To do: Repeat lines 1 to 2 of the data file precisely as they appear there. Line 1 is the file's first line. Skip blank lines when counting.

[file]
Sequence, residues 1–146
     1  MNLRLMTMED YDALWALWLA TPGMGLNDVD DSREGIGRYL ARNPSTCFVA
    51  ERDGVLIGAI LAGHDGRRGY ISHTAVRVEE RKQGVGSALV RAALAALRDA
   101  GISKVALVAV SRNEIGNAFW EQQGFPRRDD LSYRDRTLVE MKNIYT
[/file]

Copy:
Sequence, residues 1–146
     1  MNLRLMTMED YDALWALWLA TPGMGLNDVD DSREGIGRYL ARNPSTCFVA